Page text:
Thursday, September 29, 2016

Book Review of Extreme Ownership: How U.S. Navy Seals Lead and Win by Jocko Willink and Leif Babin

 
I regularly read leadership and personal development literature as a means of increasing my capacity in my current role as Dean and Associate provost. I consider Extreme Ownership: How U.S. Navy SEALs Lead and Win by Jocko Willink and Leif Babin (St. Martin's Press, 2016) to be one of the Top ten books on leading well that I've read. I recommend it to administrators, business leaders, coaches, pastors, and anyone who desires to lead a team more effectively and productively.

Willink and Babin are retired U.S. Navy Seals who served multiple tours during the Iraqi conflict. They now serve as consultants to businesses and leaders. Extreme Ownership focuses on lessons that they learned while leading combat units in Task Unit Bruiser in the difficult and dangerous fight against insurgents in Ramadi. Extreme Ownership is a compelling read because it illustrates critical leadership principles by showing how they were learned (often the hard way) on the battlefield. 

In each chapter, Willink and Babin narrate personal incidents from their combat experiences in Iraq. They then break down the lesson into an easy to understand and apply principle. Last they illustrate how the principle can be applied in today's business environments.

This is not a book on warfare. Their battle stories are not gory and have been sanitized for a non-military audience without losing the seriousness of the situation described. This raised the poignancy of the teaching offered by Willink and Babin. They are not theorists but practitioners of the art of leading and they did it when their lives as well as those of their men were at stake.

Extreme Ownership unfolds in three movements: 

Part One: Winning the War Within

The title Extreme Ownership comes from the main principle advocated in the book of the absolute necessity of the leader taking 100% responsibility for what happens under his or her watch. They mean 100%. No excuses. No blaming. Ever.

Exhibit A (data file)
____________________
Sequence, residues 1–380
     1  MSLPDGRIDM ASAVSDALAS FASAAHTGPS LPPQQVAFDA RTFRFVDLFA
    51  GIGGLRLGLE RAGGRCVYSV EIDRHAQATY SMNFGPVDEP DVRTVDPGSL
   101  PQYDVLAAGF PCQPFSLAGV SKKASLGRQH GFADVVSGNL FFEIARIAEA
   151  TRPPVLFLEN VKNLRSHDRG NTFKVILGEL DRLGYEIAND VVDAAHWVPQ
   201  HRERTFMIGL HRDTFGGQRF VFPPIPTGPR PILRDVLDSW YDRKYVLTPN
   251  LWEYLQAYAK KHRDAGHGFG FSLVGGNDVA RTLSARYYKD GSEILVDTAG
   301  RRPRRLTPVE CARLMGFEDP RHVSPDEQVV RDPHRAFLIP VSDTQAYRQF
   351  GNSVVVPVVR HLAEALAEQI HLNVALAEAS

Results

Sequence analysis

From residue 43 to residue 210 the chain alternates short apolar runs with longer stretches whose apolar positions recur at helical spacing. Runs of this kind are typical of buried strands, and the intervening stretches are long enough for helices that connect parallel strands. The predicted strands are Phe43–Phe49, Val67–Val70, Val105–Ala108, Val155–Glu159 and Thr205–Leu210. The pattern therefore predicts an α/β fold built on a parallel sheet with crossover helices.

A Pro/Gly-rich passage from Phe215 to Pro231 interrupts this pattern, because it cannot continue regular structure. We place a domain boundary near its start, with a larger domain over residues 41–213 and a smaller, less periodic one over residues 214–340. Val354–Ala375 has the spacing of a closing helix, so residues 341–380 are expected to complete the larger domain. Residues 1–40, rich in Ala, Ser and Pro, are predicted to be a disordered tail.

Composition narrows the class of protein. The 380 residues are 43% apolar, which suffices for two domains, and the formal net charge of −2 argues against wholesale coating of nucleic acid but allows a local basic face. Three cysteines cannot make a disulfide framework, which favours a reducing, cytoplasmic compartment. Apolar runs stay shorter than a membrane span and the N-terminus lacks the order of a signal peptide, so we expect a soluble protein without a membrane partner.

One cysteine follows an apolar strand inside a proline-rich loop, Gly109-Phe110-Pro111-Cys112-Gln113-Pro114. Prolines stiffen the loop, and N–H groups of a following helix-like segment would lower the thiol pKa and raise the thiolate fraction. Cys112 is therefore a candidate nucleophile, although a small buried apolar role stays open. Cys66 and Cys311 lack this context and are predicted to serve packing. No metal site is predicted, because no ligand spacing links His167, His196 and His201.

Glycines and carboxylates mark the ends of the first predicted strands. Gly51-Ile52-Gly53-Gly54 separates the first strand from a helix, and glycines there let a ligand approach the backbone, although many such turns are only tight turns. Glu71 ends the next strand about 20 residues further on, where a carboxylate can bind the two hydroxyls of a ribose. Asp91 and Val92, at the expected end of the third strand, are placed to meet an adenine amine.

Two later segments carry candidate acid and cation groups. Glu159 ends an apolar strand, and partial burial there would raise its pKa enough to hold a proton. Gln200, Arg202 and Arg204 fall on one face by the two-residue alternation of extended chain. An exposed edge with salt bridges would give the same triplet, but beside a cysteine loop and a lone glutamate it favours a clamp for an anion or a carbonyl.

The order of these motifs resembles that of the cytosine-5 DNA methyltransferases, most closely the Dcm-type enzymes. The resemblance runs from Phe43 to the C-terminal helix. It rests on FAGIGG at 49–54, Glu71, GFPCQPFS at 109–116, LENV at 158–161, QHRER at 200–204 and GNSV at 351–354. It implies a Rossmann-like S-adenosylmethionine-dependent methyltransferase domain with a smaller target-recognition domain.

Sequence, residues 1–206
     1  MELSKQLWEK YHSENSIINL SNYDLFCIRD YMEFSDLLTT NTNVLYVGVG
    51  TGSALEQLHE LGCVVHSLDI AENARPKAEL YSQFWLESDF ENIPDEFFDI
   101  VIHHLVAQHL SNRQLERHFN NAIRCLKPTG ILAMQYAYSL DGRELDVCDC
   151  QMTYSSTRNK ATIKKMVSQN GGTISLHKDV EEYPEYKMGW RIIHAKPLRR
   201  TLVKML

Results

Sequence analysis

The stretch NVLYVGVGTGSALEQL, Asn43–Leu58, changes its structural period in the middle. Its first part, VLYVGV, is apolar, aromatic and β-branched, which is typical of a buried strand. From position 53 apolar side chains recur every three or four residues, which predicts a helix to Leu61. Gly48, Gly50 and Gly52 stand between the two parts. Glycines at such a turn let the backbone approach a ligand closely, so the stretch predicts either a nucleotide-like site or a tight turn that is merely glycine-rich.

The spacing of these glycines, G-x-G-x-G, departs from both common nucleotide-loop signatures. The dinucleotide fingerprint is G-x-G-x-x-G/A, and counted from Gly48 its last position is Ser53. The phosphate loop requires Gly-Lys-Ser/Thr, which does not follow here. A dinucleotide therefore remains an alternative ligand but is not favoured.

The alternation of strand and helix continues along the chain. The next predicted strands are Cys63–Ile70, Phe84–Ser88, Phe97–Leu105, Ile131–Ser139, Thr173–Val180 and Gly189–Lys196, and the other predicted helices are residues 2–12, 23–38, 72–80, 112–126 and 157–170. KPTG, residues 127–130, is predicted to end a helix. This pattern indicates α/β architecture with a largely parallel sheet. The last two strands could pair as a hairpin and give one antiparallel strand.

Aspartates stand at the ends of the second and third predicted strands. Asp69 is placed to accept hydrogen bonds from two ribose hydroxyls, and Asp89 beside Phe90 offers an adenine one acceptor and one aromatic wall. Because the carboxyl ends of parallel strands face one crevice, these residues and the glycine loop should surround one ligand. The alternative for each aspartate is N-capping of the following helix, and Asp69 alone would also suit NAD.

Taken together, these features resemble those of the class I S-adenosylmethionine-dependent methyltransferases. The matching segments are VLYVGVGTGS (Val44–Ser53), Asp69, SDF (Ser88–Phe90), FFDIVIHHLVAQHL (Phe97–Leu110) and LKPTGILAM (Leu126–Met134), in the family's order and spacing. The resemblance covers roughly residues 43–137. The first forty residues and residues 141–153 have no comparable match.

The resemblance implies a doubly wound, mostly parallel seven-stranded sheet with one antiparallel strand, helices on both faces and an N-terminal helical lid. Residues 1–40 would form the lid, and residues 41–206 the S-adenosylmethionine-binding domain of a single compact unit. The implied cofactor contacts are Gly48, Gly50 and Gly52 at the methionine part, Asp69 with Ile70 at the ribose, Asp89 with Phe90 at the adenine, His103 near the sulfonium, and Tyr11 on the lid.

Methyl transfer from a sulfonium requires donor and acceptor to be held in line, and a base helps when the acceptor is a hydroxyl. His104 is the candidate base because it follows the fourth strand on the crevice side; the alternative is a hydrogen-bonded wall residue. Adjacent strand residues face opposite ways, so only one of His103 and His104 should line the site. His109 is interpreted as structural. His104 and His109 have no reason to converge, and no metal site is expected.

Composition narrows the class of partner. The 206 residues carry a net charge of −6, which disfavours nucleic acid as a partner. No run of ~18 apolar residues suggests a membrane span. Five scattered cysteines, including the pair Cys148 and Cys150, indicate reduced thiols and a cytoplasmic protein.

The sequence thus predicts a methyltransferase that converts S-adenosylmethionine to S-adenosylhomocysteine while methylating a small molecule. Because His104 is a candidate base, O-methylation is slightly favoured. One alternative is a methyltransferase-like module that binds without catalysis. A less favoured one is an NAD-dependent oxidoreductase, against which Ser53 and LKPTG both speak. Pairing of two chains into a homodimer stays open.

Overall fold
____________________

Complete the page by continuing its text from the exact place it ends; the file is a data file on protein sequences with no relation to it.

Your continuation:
In their view, there are no bad teams but only bad leaders (chapter two). The leader is responsible for setting the tone for the team and explaining the mission to each member.

This begins with the leader's belief (chapter three). We are not ready to lead until we have focused on the "why" of the mission. If we are taking orders from someone above us, we must own the why so that we can pass it on to those whom we lead. As I leader, I must be "all in" if I expect my team to follow me.

Leaders must also check their egos (chapter four).

Part Two: Laws of Combat
In chapter five, the authors teach the principle of "cover and move." To be effective, teams must work together. This includes how one team within an organization relates to other teams. Conflict often occurs because teams within the same company compete against one another instead of focusing attention on winning.


Warfare is chaotic. So is life and business.  We cannot plan for every contingency. The key is to create actionable and simple plans and strategies that the entire organization can understand and implement (chapter six).

When under pressure, leaders must learn to prioritize and execute (chapter seven). Focus the team on one key activity at a time.


Empower others to lead smaller groups through decentralized leadership (chapter eight). No one can effectively lead more than 10 people. Communicate down the organization using simple plans and communicate clearly and concisely so that all are on the same page.

Part Three: Sustaining Victory 

Planning is critical to achieving victory (chapter 9). All organizations need to create a template for creating clear, compelling, and effective plans to advance the mission.

In the most efficient organizations, leadership flows up and down the chain of command (chapter 10). Each member of the team learns to lead up and down the flow chart by practicing extreme ownership at each level.

In warfare, uncertainty is a given. On the battlefield, there is never enough information. There is a balance between decisiveness and uncertainty (chapter 11). Knowing when to act and when to wait can be a matter of life and death.

Last, discipline equals freedom (chapter 12). Success in mission is not easy. It takes discipline to grow into the leaders that our world needs. It is often a dance between extremes (pp. 277-78): 

"confident but not cocky; courageous but not foolhardy; competitive but a gracious loser; attentive to details but not obsessed by them; strong but have endurance; a leader and a follower; humble not passive; aggressive not overbearing; quiet not silent; calm but not robotic...; close with the troops but not so close that one becomes more important than another or more important than the good of the team...;able to execute extreme ownership, while exercising decentralized command."

Great book. Inspiring. Insightful. I'll read it again. Consider picking up a copy. You'll be glad you did. So will your team!




To learn more about Jocko Willink check out his interview with Tim Ferris.




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